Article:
“Support given to Greek authorities focuses on surveillance capacities, identification of migrants who crossed the border in an illegal way and assistance in obtaining travel documents for those persons who are supposed to be repatriated,’’ said FRONTEX spokesman Michal Parzyszek.

Effectively, the operation is integrating Greek border management into a wider European Border Surveillance System prescribed in the Stockholm Programme, a key text on freedom and security endorsed by the Community at the end of last year, as a mechanism supervised by FRONTEX and enhanced by new surveillance technologies and improved methods of establishing the nationality of third-country nationals and deportation.

Beyond practical proceedings the spirit of Stockholm supports ’an intelligence gathering and co-coordinative mechanism between member states that ‘’serves a closed borders policy,” says Natassa Straxini, a human rights activist and acknowledged defender of asylum seekers.

“European migration policy in the future will be based on the fact that we accept whoever we cannot expel on a legal basis while nobody else stands a hope of getting in and staying. In the future economic migrants and environmental refugees will find it increasingly difficult to take the trip to the West, no matter the reasons forcing them to do so,’’ she said.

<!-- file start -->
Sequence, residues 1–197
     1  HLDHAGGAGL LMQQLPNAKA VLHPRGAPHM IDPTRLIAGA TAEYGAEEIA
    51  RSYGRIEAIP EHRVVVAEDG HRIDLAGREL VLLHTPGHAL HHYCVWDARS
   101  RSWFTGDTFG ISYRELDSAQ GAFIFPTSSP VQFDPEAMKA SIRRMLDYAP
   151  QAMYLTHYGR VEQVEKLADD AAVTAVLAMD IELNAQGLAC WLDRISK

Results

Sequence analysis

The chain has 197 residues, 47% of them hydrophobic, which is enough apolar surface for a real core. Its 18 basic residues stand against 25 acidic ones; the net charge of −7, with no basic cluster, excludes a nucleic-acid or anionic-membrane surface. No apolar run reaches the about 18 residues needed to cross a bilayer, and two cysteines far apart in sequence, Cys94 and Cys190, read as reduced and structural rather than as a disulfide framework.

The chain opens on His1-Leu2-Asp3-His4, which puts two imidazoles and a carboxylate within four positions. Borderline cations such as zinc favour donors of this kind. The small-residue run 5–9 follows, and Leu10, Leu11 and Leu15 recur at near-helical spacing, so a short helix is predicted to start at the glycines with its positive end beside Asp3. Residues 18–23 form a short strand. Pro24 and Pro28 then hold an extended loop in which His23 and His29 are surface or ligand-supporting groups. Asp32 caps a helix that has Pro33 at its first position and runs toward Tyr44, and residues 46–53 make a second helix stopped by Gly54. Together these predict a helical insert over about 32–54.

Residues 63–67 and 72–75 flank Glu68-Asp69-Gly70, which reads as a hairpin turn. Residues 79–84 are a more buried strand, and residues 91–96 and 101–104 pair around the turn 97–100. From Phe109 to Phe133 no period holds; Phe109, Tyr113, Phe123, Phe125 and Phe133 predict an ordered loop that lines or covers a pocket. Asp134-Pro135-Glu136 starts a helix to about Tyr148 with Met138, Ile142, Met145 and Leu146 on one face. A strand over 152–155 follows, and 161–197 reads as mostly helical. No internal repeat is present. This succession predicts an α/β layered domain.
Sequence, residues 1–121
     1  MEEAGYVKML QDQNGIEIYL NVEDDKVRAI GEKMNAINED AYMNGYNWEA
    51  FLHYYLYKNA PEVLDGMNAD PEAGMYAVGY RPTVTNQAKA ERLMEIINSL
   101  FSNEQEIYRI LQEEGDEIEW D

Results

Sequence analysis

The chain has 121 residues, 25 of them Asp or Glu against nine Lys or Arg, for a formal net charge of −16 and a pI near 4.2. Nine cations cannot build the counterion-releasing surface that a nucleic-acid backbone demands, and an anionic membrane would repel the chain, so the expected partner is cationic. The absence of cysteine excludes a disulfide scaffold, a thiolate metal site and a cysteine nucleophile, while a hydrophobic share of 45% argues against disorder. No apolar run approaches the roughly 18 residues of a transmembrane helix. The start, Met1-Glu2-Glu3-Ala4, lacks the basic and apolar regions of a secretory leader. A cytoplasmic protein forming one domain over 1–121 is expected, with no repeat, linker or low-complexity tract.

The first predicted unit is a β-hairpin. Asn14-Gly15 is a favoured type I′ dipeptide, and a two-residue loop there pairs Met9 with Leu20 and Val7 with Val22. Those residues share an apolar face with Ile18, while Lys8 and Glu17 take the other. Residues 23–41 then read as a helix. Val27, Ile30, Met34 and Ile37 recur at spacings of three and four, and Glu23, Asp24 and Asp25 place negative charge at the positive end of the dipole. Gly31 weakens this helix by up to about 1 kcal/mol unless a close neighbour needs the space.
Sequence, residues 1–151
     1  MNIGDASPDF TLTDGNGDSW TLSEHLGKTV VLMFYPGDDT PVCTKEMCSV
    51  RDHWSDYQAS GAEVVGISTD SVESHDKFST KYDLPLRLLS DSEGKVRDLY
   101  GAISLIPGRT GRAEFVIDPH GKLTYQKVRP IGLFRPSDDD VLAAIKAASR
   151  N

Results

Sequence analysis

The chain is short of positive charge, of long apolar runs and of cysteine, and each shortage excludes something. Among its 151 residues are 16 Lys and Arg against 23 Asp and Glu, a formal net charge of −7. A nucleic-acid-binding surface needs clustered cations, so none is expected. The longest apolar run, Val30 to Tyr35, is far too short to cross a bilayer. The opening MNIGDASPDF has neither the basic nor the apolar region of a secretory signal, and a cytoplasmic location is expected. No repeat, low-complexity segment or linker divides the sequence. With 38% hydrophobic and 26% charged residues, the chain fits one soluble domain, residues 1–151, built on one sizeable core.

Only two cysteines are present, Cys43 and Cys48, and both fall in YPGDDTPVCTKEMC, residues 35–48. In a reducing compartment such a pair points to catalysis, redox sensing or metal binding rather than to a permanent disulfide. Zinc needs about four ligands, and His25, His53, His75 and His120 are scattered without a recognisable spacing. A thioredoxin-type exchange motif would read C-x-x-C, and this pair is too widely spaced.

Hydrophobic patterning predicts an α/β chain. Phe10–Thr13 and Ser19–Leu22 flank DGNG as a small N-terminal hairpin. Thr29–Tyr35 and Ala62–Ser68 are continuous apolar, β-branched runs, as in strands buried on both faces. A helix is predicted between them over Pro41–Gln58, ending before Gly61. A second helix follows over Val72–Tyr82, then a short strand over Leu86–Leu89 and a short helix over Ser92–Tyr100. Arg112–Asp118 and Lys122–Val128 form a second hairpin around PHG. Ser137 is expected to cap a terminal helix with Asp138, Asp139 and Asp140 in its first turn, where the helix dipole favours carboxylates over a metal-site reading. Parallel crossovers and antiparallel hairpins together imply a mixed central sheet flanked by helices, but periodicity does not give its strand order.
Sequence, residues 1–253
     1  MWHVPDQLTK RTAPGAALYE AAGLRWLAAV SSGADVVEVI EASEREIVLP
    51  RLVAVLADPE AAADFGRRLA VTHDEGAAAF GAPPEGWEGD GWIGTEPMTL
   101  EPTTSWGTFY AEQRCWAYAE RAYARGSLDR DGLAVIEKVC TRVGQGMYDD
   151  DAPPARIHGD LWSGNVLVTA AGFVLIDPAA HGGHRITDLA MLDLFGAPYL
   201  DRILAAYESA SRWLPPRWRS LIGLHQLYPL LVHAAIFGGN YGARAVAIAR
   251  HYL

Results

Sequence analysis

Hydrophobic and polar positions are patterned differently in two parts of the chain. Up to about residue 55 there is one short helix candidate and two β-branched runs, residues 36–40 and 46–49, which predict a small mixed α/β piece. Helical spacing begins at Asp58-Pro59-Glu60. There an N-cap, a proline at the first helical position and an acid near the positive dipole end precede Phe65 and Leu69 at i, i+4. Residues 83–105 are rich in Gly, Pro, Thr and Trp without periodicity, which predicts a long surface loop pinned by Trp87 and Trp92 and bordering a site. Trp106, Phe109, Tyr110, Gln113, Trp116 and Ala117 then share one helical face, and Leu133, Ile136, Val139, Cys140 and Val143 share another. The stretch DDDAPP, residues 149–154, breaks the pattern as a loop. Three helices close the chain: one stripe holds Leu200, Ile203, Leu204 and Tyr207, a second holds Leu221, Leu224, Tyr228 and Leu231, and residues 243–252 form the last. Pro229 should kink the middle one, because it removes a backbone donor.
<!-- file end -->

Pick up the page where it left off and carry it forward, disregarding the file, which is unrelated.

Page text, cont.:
Two Turkish hopefuls secure Greek parliament seats October 8, 2009

Posted by Yilan in Turkey.
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Ahmet Hacıosman and Çetin Mandacı from the Panhellenic Socialist Movement, or PASOK, will represent the Turkish minority in the new Greek Parliament, Anatolia news agency reported Monday.

Fourteen candidates of Turkish descent were nominated in Sunday’s general election, mainly in Rhodope and Xanthi, but only Hacıosman and Mandaci, both from the Western Thrace region of Greece, have managed to enter parliament from the socialists’ ranks, which will have 160 seats in the 300-seat Greek parliament.

Hacıosman received a hero’s welcome in his hometown, Komotini, or Gümülcine in Turkish, and thanked the Turkish minority for their support during his election campaign.